Bathurst Street (Toronto)

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Bathurst Street Sign.PNG
YRR38.png YRR38Sign.PNG

Bathurst Street
York Regional Road 38
Bathurst within Toronto
Route information
Maintained by City of Toronto
York Region
Length: 57.4 km[1][2] (35.7 mi)
Major junctions
South end: Lake Ontario
   Highway 401
 Highway 407
North end: Holland Marsh
Counties: York
Major cities: Toronto, Vaughan
Towns: Richmond Hill
East Gwillimbury
Highway system

Roads in Ontario

Nearby arterial roads
← Dufferin Street Bathurst Street Avenue Road →

Bathurst Street is a main north-south thoroughfare in Toronto, Canada. It begins at an intersection of the Queens Quay roadway, just north of the Lake Ontario shoreline. It continues north through Toronto to the Toronto boundary at Steeles Avenue. It is a four-lane thoroughfare throughout Toronto. The roadway continues north into York Region where it is known as York Regional Road 38.

Route description[edit]

Bathurst Street begins in the south at the intersection with Queens Quay. The southernmost part of Bathurst, south of the Gardiner Expressway, was heavily industrialized until the 1970s. These factories are mostly gone; in their place some residential development has occurred, including the extended Queen's Quay. The former Omni Television headquarters are located in this area, before they relocated in October 2008. South of the intersection, Eireann Quay, which used to be a section of Bathurst Street, runs south to the Island Airport ferry dock and the Western Gap channel separating the Toronto Islands from the Toronto mainland.

Northward view of Bathurst Street from Toronto Western Hospital

North of the Gardiner is Fort York on the western side. The Sir Isaac Brock Bridge connects the section south of Fort York to the section north of the railways. The bridge, dating back to 1910, used to be the main bridge over the Humber River and was moved here. North of the tracks, the area is a mix of small commercial and residential buildings on the western fringe of downtown. North of Queen Street, the eastern side of Bathurst is the edge of the Alexandria Park cluster of housing projects, while to the west is Trinity–Bellwoods. North of Dundas Street, Bathurst is dominated by Toronto Western Hospital. This part of the street continues to be a mix of small commercial establishments and residential housing, generally rental apartments.

North of College Street, Bathurst becomes more residential, with the exception of certain areas, chiefly around the intersections with Bloor Street, St. Clair Avenue, and Eglinton Avenue. The portion of Bathurst Street north of Bloor Street is the western boundary of The Annex neighbourhood.

The Spadina segment of Toronto Transit Commission (TTC) Line 1 Yonge–University crosses underneath Bathurst north of St. Clair, with the St. Clair West station located at St. Clair just east of Bathurst. North of Eglinton, the street continues as a four-lane arterial road into the former borough of North York. The street has lay-bys for TTC buses and turning lanes at intersections, expanding its width. Development along both sides of the road is both residential and commercial, with shopping plazas at many intersections. The West Branch of the Don River crosses Bathurst Street north of Sheppard and Bathurst Park is located on the east side of Bathurst Street.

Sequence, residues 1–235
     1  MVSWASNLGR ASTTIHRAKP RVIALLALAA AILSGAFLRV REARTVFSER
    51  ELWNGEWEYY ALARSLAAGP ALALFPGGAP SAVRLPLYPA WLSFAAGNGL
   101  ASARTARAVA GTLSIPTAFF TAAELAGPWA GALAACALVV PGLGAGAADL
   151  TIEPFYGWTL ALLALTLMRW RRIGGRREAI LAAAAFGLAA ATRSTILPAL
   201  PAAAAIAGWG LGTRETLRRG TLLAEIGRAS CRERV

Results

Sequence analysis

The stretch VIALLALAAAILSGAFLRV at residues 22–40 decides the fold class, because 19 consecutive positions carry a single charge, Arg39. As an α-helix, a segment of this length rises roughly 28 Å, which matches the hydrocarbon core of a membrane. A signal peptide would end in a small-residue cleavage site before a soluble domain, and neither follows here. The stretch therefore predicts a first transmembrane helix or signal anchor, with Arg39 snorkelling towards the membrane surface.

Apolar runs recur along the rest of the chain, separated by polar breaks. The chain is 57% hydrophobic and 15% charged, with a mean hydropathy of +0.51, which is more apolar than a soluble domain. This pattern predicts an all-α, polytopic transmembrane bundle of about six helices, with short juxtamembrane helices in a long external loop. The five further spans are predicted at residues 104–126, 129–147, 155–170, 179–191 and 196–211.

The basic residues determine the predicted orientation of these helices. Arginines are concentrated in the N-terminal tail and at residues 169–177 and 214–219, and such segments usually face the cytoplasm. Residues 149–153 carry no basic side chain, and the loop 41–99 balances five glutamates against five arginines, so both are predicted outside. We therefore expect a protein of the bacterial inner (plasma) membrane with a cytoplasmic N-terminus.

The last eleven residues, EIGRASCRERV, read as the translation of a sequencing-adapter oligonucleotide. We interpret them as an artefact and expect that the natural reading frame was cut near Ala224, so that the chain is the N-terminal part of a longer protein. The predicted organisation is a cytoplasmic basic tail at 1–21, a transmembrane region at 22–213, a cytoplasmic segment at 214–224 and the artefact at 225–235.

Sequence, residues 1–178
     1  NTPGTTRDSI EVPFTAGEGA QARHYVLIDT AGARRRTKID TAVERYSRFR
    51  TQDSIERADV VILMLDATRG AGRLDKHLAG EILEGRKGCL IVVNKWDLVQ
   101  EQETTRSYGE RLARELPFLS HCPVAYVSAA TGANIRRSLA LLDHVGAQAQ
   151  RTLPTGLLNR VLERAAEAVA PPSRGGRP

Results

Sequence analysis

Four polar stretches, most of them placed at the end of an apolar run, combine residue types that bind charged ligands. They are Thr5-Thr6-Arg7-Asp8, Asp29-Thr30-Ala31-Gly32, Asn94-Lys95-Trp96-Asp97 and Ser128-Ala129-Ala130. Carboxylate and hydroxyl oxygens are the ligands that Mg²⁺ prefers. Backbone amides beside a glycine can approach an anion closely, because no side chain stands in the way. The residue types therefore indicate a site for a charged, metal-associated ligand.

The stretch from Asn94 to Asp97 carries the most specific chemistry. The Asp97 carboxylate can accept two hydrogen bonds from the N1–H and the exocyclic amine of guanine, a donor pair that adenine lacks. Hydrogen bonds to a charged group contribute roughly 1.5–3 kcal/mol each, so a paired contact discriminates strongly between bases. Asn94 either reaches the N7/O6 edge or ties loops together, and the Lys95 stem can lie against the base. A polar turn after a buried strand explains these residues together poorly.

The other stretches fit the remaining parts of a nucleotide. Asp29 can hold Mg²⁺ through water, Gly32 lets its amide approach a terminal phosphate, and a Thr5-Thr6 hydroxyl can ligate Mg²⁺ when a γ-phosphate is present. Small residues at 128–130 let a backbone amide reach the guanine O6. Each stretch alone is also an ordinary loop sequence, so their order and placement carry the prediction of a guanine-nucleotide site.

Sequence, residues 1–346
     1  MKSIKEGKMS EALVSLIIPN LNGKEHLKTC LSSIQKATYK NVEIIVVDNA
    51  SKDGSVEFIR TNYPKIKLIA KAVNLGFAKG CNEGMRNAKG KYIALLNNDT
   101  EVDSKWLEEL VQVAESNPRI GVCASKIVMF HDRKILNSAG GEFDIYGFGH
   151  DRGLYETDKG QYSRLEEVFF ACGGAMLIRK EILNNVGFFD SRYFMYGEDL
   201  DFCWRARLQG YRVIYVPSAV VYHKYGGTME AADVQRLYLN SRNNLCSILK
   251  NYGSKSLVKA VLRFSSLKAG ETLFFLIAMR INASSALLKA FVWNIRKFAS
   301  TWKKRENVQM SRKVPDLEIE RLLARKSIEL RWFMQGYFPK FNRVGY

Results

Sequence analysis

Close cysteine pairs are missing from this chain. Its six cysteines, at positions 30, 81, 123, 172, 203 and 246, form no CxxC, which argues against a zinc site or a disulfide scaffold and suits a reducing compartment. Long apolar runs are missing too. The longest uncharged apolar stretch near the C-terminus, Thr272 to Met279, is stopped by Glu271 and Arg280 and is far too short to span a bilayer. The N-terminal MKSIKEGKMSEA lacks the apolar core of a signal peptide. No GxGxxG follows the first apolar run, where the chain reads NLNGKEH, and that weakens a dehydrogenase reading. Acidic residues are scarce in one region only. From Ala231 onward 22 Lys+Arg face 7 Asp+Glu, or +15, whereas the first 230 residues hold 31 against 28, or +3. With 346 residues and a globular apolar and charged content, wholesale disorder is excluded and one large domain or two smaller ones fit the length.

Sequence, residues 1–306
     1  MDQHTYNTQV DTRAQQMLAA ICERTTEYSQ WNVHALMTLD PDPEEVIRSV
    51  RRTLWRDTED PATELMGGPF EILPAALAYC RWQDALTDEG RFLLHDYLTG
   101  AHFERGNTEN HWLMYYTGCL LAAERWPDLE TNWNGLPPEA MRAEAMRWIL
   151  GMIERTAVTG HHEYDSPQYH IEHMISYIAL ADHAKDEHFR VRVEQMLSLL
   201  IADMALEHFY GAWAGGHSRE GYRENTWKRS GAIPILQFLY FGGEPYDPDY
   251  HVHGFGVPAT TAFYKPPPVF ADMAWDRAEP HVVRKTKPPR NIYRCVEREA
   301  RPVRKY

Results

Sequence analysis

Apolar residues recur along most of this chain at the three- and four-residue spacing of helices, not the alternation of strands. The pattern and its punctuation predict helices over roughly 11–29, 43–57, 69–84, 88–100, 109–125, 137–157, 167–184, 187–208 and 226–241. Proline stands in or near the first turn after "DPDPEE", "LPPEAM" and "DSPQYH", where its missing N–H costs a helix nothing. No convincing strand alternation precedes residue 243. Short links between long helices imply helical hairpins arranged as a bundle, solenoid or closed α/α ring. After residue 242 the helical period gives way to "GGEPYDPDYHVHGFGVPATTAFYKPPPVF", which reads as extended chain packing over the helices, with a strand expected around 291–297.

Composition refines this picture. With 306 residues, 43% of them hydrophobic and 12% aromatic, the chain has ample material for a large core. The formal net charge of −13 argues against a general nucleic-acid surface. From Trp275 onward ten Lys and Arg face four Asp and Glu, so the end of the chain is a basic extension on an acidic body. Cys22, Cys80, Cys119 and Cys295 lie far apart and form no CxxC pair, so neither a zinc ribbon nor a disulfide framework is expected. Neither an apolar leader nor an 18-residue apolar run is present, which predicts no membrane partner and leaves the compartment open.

A typical Bathurst Street sign, this one located at its intersection with Queen Street West.
A streetcar travels south on Bathurst on the Sir Isaac Brock Bridge above the railway lands. The bridge used to be located over the Humber River.

North of Steeles Avenue, Bathurst runs through York Region, and is also referred to as York Regional Road 38. From Steeles north, the road is a six-lane arterial road. It serves many residential sub-divisions on either side. It serves as the boundary between Vaughan and Richmond Hill north of Highway 407, and between King Township and Newmarket and Aurora.

Bathurst Street ends at the Holland Marsh, between Holland Landing (in East Gwillimbury) and Bradford. It is interrupted for roughly 500 m due to rugged terrain north of Morning Sideroad, north of Newmarket.


Located across from Bathurst subway station, St. Peter's Catholic Church is a landmark on Bathurst Street.

The street was named for Henry Bathurst, 3rd Earl Bathurst, who organized migration from the British Isles to Canada after the War of 1812, granted the charter to King's College, and never visited Canada himself.[3]

The original Bathurst Street was between Government Wharf and Queen Street, and the section to the north was called Crookshank's Lane, a semi-private lane named after George Crookshank. In 1870, Crookshank's Lane was renamed "Bathurst Street". North of Bloor, Bathurst Street was a muddy trail.[3]

Bathurst Street has finished in the top 10 in Canadian Automobile Association's "Ontario's Worst Roads" poll in every year from 2004 to 2007.[4][5]